Eating disorders are prevalent among college students. The transition from home to college is characterized by the loss of direct parental support and decreased structure. For some individuals this will provoke feeling of stress, which, depending on the individual, will be expressed in different ways.
Feelings of loneliness, uncertainty about the future, and fear are all a part of growing into adulthood. However, for youngsters who are genetically predisposed to suffer from an eating disorder, these stressful events can act as the environmental trigger needed for the eating disorder to develop.
For a student who suffered from an eating disorder prior to college, the lack of external guidance away from the home environment can be detrimental to recovery. Without strict recovery protocols in place, eating disorders can flourish and for some, the potential for relapse is high. Here is information on going to college when in recovery from an eating disorder.
Additional stressors of college can include more rigorous course requirements, socializing and making new friends, homesickness, and increased independence and daily responsibilities. Stress, regardless of the source, can fuel disordered eating behavior of all kinds; binge eating and calorie restriction are both indications that an individual is in a precarious psychological state of being.
Anorexia nervosa, a condition in which an individual becomes obsessed with reducing body weight, is a disorder with a biological basis. This means that external factors such as going to college alone cannot cause it. However in those individuals who are genetically predisposed, the additional stress can act as a trigger for the disorder. The same is true for bulimia nervosa and binge eating disorder, however, because the individual continues to eat when suffering from these forms of eating disorders, detection and diagnosis can be even more difficult.
A college student can look perfectly normal on the outside and still be suffering from these potentially deadly disorders. If you are a parent or a friend of someone who you believe may be suffering from an eating disorder, it is important that you help them find treatment. Here are the signs and symptoms to look for.
Body Image in College
It is undeniable that there is a certain pressure on young people to look and act in a particular way. This pressure is definitely alive on college campuses. While body image pressure alone cannot cause a person to develop an eating disorder, it can act as a triggering external factor for individuals who are genetically predisposed to having one.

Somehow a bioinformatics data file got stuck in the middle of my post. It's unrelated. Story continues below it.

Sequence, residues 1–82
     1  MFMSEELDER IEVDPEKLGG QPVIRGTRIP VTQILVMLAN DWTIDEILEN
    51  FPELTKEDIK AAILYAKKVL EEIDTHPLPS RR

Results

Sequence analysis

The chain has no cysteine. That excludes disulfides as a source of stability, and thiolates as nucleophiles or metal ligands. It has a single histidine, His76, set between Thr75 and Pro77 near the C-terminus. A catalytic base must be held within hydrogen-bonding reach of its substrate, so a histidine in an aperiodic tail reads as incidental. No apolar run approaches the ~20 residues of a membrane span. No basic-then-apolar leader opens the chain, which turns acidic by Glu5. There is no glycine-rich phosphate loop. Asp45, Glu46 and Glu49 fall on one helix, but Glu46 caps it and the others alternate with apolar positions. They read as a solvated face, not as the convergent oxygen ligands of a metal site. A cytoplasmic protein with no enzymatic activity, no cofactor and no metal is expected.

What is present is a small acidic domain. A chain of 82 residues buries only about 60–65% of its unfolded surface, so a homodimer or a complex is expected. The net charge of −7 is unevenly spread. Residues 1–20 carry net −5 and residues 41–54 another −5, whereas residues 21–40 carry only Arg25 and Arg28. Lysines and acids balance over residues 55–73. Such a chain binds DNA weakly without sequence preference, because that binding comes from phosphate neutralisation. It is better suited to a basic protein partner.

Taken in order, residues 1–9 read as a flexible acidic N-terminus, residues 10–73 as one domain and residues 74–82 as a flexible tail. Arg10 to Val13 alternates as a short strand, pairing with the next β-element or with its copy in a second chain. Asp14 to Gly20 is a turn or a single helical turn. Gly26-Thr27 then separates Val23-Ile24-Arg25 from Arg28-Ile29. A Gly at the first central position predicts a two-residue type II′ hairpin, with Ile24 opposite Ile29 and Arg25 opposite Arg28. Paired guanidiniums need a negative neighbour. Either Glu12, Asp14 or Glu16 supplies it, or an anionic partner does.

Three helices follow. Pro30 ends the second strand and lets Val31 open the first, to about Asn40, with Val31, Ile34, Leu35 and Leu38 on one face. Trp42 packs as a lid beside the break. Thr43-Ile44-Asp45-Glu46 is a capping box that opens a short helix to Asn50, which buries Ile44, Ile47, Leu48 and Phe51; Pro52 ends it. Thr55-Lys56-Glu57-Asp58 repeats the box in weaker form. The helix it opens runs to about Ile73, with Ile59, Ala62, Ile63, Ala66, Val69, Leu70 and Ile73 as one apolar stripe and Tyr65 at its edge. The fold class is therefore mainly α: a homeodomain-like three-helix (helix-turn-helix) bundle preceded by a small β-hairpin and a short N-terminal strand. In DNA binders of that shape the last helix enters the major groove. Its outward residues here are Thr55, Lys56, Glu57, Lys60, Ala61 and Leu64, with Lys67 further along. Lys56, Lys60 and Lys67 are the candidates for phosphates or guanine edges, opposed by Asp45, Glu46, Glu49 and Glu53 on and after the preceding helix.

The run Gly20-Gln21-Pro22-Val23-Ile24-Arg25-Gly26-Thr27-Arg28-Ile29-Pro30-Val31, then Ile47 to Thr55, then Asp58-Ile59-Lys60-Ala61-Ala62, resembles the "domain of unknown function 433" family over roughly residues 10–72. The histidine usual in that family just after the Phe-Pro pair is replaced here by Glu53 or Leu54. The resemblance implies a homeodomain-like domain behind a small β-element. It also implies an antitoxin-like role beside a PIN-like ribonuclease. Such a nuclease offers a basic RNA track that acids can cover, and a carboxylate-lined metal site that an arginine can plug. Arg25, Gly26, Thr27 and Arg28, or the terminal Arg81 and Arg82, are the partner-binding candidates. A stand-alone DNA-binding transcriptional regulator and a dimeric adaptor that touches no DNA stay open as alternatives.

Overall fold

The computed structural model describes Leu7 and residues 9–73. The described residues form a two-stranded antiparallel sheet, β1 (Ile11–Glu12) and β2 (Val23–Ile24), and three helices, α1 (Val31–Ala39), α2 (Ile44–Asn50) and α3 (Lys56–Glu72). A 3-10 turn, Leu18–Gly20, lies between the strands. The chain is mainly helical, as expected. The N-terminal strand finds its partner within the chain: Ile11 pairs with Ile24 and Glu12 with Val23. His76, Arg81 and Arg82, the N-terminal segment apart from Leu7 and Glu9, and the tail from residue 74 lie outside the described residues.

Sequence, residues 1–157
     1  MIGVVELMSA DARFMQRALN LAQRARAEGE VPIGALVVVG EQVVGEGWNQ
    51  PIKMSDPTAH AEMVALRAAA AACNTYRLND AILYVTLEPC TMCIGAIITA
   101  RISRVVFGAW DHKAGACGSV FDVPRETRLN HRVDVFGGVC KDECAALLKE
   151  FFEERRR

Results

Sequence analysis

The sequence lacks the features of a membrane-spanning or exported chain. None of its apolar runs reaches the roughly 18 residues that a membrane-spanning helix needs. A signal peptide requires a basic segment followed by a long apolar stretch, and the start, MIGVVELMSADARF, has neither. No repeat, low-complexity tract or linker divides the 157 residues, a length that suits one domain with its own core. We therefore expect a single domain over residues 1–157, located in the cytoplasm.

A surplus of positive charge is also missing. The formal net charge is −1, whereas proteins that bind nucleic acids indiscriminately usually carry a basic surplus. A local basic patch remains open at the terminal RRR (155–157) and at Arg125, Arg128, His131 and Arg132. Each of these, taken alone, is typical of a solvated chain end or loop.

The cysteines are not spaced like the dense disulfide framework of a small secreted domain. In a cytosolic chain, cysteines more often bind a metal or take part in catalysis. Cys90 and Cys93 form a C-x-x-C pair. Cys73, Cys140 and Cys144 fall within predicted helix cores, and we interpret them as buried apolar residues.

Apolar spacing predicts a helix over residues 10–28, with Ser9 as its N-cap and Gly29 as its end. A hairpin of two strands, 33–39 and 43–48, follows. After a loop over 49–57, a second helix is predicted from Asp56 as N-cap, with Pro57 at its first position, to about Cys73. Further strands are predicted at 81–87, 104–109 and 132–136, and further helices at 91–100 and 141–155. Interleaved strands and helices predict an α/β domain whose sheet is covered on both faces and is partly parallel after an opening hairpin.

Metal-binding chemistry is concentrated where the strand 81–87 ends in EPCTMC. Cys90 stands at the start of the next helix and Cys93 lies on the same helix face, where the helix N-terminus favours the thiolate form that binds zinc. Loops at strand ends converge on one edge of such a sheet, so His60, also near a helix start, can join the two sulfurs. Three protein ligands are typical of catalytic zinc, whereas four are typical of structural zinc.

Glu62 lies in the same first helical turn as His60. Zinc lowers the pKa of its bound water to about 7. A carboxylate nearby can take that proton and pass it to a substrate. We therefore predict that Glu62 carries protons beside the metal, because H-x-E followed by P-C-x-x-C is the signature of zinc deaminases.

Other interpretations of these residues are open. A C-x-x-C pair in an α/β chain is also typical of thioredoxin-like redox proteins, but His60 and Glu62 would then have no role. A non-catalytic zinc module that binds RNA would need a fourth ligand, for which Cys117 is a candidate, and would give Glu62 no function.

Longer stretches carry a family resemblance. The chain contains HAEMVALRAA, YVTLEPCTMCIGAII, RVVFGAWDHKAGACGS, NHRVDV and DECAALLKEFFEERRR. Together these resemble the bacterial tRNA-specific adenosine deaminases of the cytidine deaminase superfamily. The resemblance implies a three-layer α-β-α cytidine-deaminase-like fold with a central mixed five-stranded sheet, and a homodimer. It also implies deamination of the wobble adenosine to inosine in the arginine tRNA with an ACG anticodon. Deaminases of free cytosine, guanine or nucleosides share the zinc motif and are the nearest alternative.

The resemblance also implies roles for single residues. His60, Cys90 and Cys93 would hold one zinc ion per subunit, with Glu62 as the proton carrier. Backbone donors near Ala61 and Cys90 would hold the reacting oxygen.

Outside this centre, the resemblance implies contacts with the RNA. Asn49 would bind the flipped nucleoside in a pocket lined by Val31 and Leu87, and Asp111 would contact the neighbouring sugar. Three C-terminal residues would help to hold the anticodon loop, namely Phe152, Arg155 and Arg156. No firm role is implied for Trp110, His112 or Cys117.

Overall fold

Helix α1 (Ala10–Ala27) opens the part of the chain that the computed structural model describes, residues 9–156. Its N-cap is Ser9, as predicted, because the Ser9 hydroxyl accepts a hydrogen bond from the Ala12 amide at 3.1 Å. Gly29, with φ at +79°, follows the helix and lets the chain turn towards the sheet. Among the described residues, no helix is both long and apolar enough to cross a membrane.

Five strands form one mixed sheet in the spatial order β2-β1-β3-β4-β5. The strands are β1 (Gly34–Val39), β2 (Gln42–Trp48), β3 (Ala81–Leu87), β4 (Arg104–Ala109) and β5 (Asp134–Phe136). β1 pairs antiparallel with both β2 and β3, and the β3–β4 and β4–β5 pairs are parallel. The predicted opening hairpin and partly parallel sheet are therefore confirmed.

Many people are not even aware that they have an eating disorder because eating disorder behaviors can be accepted as normal on college campuses. This is especially true for young women, as there exists an accepted cultural bias for thinness. Dieting and cleansing are common practices and have been accepted as a social norm over eating a varied and balanced diet containing plenty of fats, carbohydrates and proteins.
Even for students who realize that they have an eating disorder, it can be very difficult for them to seek help. Eating disorders have a strong psychological element, and can deceive the sufferer into feeling that they are dependent on the disordered eating behavior. The praise that some individuals receive for being underweight can also add to the problem and be a severe barrier to recovery.
Fear and shame are additional factors that make it hard for college students to seek treatment. Many people are scared to admit having an eating disorder because they fear rejection or feel embarrassed about it. College students in particular may avoid admitting that they have a problem for fear that they will be thrown out of college or placed in a mental institution. It should be noted that these illnesses do not only affect females, and males of college age are also known to develop them.
Treatment and College
Colleges provide health and counseling services where students can go for help. They should provide students with information to help educate them about eating disorders, as well as be able to refer students in need to the relevant healthcare professional. Most college health centers also provide psychological, medical, and nutritional counseling.
If a student has a history of disordered eating behavior, but not a diagnosed eating disorder before attending college, there is a greater risk that the transition from home to college will exacerbate the problem. Parents and friends are advised to be on the lookout for signs of a problem related to food consumption. In the case of students who are already in recovery from an eating disorder, the college should have an infrastructure in place to help them continue on the path of recovery. If a student already at college is concerned that he or she has an eating disorder, they should contact the health services in place at their school without delay.
The most important thing for students with eating disorders is that they receive the support that they need. As with any physical or mental health condition, treatment is a part of getting well again. Recovery should be a priority for students who suffer from eating disorders, as a malnourished body and brain cannot study and absorb information optimally. Good nutrition is highly important in order to achieve good grades. In many cases, students who are struggling with eating disorders may be better off returning home for treatment, even if this means putting college on hold for a time. Education is important, but physical and mental health should always be the priority.
Written by Tabitha Farrar – 2014